So one can imagine a creationist spying the magazine and excitedly grabbing it, assuming that a magazine as prestigious as National Georgraphic has now been forced to take creationism seriously. But that deliciously teasing cover line is really just a set-up for the typographically brilliant “NO”. It is not merely a good article; it’s a rhetorical pie in the face to this brand of barking-mad spiritual literalism that is so badly screwing the scientific future of the country.
“As long as the Army has a single vehicle without armor, we expect that our soldiers will continue to find ways to increase their level of protection.”
– The Department of Defense on 60 minutes
this one is from the coney island aquarium
People have speculated that electoral-vote.com is run by a Clinton administration official, a bored retired statistician and more. Much to the surprise of a lot of people, the elusive Votemaster is none other than Andrew Tanenbaum! Andrew Tanenbaum is one of the Great Names in Computer Science, amongst other things as the author of Minix, a pre-cursor to Linux. He is an American living in the Netherlands, and as part of his “outing” endorses Kerry, for reasons you may not have seen before but are quite logical for americans living outside the USA. And, if you decide to leave the country when you feel the wrong guy won the Election, as part of his “outing” Andrew offers the reader the option of getting a Masters degree in Computer Systems.
Een 24-jarige automobilist kreeg zondagavond na een opeenstapeling van overtredingen een bekeuring van maar liefst 1500 euro. De man reed met 150 kilometer per uur over de A4 (Amsterdam-Den Haag), waarbij hij bumperkleefde.
Toen agenten de man inhaalden om hem te kunnen aanhouden, zagen zij bovendien dat hij een mobiele telefoon aan zijn oor hield.
Vervolgens deed de man op het politiebureau een blaastest waaruit bleek dat hij een alcoholpromillage van 0,52 had. Alsof dat allemaal nog niet genoeg was, bleek na controle van zijn papieren dat de man, afkomstig uit Equatoriaal-Guinea, geen geldige verblijfsvergunning heeft. Hij is overgedragen aan de vreemdelingenpolitie.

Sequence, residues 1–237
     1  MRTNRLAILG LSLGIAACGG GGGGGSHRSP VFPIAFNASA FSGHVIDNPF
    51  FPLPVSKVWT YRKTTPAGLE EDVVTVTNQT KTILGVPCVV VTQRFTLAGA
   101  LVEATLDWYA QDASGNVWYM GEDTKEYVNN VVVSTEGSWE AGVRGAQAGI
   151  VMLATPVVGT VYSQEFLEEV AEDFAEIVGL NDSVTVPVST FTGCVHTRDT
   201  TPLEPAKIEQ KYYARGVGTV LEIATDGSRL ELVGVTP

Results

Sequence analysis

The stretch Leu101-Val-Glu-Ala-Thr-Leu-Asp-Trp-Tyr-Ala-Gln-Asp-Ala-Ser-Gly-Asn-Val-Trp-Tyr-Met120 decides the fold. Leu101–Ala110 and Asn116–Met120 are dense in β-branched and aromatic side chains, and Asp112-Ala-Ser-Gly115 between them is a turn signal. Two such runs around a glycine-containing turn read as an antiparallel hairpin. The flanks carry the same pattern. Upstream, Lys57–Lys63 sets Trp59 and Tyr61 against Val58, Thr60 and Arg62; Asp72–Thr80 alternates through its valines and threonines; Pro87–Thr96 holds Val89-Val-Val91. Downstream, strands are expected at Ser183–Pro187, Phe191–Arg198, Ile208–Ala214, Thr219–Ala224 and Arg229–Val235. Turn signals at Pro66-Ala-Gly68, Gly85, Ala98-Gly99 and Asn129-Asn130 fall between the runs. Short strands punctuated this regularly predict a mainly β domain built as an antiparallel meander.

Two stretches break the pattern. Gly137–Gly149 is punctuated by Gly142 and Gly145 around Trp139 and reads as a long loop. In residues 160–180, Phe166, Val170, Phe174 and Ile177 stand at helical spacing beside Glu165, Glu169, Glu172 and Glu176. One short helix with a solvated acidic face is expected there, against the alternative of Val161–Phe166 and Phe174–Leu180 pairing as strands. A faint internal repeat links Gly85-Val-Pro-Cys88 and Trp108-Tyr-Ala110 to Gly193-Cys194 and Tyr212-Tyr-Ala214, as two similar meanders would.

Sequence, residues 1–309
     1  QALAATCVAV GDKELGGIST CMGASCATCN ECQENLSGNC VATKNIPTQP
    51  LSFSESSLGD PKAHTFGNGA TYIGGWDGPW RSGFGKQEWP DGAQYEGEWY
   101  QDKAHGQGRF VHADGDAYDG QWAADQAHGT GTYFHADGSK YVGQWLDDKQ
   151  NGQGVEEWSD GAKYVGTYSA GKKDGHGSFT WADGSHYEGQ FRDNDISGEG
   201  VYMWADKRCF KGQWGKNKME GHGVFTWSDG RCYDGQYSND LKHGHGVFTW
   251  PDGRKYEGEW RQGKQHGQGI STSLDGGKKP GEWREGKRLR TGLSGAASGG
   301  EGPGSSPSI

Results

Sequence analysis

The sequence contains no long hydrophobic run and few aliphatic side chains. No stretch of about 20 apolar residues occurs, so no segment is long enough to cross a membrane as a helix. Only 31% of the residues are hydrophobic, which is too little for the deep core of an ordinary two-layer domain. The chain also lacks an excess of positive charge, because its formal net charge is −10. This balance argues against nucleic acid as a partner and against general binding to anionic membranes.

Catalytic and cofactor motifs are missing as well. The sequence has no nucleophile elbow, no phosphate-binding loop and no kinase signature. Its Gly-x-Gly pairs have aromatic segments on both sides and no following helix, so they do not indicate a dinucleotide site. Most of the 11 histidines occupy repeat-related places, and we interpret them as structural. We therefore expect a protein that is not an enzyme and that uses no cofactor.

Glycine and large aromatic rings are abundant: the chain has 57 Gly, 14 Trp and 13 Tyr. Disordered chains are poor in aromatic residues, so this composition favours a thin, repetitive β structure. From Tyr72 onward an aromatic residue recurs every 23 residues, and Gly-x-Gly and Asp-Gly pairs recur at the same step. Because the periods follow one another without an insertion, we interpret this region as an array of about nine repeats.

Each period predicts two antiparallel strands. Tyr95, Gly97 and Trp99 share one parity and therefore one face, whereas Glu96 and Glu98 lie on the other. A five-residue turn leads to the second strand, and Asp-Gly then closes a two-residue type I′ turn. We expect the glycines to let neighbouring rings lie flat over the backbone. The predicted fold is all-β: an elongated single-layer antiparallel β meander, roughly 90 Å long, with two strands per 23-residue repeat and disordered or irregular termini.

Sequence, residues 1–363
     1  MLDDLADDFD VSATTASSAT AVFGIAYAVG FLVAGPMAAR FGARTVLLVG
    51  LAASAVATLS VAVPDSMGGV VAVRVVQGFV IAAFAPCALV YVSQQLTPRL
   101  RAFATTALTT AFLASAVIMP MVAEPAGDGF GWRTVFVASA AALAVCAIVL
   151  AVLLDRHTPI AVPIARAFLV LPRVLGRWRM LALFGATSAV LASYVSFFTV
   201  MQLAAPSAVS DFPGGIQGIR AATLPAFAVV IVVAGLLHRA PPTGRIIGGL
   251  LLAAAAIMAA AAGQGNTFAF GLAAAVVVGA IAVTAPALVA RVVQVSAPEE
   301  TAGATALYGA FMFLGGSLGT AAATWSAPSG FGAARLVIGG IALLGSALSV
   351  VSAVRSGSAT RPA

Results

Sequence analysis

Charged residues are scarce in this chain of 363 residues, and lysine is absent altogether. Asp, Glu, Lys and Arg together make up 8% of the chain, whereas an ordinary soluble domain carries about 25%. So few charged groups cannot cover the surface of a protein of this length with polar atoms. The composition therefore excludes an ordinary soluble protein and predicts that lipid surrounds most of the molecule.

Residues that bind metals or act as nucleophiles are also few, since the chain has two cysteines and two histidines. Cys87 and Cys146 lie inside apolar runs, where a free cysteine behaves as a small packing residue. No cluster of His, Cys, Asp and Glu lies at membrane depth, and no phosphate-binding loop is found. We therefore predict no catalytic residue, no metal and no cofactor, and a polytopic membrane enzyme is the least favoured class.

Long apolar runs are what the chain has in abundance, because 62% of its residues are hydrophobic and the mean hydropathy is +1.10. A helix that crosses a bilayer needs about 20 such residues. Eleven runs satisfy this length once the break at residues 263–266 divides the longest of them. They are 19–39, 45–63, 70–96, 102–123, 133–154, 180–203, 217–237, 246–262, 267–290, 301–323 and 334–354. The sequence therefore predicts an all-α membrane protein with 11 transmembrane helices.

On the eve of the U.S. election, China laid into what it called the “Bush doctrine,” said the Iraq war has destroyed the global anti-terror coalition and blamed arrogance for the problems dogging the United States worldwide.
The searing article was as close to a position on the U.S. presidential election as China has come, but it made no mention of Massachusetts Senator John Kerry, the Democratic Party’s challenger to President Bush in Tuesday’s presidential contest.
The United States was dreaming if it thought the 21st century was the American century, wrote Qian Qichen, one of the main architects of China’s foreign policy, in a commentary in the English-language China Daily newspaper.
“The current U.S. predicament in Iraq serves as another example that when a country’s superiority psychology inflates beyond its real capability, a lot of trouble can be caused,” Qian wrote.
“But the troubles and disasters the United States has met do not stem from the threats by others, but from its own cocksureness and arrogance.”
Qian is a former foreign minister credited with breaking China out of diplomatic isolation after the crackdown on the 1989 Tiananmen Square protests.
The Internal Revenue Service has informed the NAACP that it is investigating whether the civil rights organization improperly “intervened in a political campaign” when it posted on its website a speech by Chairman Julian Bond that condemned the Bush administration’s policies.
The IRS sent a letter Oct. 8, less than a month before Tuesday’s election, to the National Assn. for the Advancement of Colored People informing it of the investigation. The group has until Nov. 5 to respond.
“I think what’s at issue is our right to criticize the president of the United States,” Bond said Thursday. “The IRS is saying that because I criticized the president’s education policies, his economic policies and his war policies that somehow I placed the tax exemption for the NAACP at risk.”
Bond, 64, a college professor at the University of Virginia and American University, said the timing of the inquiry raised questions about the administration’s motives.
Tourists and residents make their way through a flooded St. Mark’s Square in Venice, northern Italy, Sunday, Oct. 31, 2004. An exceptional 137-centimeter (54 inch) high tide flooded eighty per cent of the town disrupting public transportation and flooding shops. (AP Photo/Luigi Costantini)